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Pinus palustris

2 L 15 - 20 cm

€15.00

This product is currently out of stock

Product Code: PIN2PI6V36




Scientific name: Pinus palustris  P.Miller  1768

Synonyms: Pinus australis Michx.f., Pinus longifolia Salisb., Pinus palmieri Manetti ex Gordon

Common names: Longleaf pine, Florida pine, Georgia pine

 

Description

Tree to 40(-47) m tall, with trunk to 0.8(-1.2) m in diameter. Bark thick, orange-brown, broken up into small, scaly plates by broad, dark gray furrows. Crown deeply and openly dome-shaped, with gently rising, slender branches densely clothed with foliage only at the tips. Twigs very coarse, orange-brown, rough with the bases of scale leaves, hairless. Buds 3-4 cm long, silvery white, not conspicuously resinous. Needles in bundles of (two or) three, each needle (15-)20-30(-45) cm long, flexible and straight or drooping, slightly twisted, lasting about 2 years, shiny yellowish green. Individual needles with inconspicuous lines of stomates on both the inner and outer faces, and four to seven resin canals surrounding and touching the two-stranded midvein. Sheath 2-3 cm long, weathering to 1-2 cm persisting and falling with the bundle. Pollen cones 2-6(-8) cm long, purple. Seed cones (12-)15-25 cm long, narrowly egg-shaped, with 75-150 seed scales, green before maturity, ripening dull brown, opening widely to release the seeds and then falling during the winter with the very short stalk. Seed scales broadly wedge-shaped, the exposed face horizontally diamond-shaped, flat, with a prominent umbo bearing a sharp, down-turned prickle. Seed body 9-12 mm long, the firmly attached wing another 25-30 mm long.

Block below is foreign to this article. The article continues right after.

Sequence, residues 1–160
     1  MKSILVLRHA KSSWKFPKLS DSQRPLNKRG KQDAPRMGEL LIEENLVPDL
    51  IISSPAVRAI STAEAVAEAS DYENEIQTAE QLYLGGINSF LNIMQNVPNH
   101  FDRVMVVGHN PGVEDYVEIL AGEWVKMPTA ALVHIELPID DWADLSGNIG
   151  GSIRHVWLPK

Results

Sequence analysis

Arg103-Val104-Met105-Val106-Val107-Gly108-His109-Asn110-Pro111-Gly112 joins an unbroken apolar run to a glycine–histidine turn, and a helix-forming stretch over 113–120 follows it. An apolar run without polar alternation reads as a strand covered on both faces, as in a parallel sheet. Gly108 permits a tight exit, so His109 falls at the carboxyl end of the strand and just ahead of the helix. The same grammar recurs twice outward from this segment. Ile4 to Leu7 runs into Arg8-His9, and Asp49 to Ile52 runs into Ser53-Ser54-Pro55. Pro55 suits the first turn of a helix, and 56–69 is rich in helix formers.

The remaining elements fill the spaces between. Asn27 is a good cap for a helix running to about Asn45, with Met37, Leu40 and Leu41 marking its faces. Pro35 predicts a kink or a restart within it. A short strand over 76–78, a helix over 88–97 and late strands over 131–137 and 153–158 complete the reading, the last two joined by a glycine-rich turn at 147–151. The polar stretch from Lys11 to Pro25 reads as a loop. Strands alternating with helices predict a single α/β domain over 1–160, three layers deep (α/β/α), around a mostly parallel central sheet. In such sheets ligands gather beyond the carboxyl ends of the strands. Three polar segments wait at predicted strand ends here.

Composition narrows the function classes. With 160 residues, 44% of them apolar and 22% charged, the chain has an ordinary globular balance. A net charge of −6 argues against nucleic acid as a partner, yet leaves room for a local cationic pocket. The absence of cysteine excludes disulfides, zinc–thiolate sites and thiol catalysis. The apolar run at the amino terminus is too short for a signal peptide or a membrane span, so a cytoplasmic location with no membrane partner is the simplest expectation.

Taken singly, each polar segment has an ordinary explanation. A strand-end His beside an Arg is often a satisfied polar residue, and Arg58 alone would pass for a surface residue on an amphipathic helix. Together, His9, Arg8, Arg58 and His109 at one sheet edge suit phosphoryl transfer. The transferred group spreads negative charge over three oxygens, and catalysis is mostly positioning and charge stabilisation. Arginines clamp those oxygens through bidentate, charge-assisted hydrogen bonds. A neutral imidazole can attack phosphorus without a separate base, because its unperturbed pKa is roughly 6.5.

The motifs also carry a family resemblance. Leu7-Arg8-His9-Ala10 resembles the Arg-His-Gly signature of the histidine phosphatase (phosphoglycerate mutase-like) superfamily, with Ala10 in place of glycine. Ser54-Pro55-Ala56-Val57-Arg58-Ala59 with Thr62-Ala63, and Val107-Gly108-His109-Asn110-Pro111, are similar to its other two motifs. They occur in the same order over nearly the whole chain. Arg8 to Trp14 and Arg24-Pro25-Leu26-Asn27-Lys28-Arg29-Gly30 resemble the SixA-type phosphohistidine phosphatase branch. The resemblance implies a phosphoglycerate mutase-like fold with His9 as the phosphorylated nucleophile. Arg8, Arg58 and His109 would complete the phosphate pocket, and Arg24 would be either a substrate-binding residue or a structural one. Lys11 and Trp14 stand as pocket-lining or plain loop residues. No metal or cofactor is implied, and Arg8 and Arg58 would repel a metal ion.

Coastal plain of the southeastern United States, from southeastern Virginia to central Florida and southeastern Texas. Forming pure, open stands or mixed with other pines and oaks on fire-prone flatlands and gentle slopes; 0-700 m.

 

Conservation Status

Red List Category & Criteria: Endangered

(Outside protected areas the tendency through exploitation and planting or seeding of other pine species to replace this species is still ongoing, albeit at a lower rate than previously. Calculated over the whole of the historical period of logging in eastern USA this species would qualify for Critically Endangered, but with an estimate of 30 years generation length the time frame used here is more likely to place it as Endangered. The decline has also slowed down, but has not ceased)

 

References

Farjon, A. (2010). A Handbook of the World's Conifers. Koninklijke Brill, Leiden.

Eckenwalder, J.E. (2009) Conifers of the World: The Complete Reference. Timber Press, Portland.

IUCN Red List of Threatened Species, International Union for Conservation of Nature and Natural Resources. Cambridge, UK /Gland, Switzerland

 

Copyright © Aljos Farjon, James E. Eckenwalder, IUCN, Conifers Garden. All rights reserved.


 

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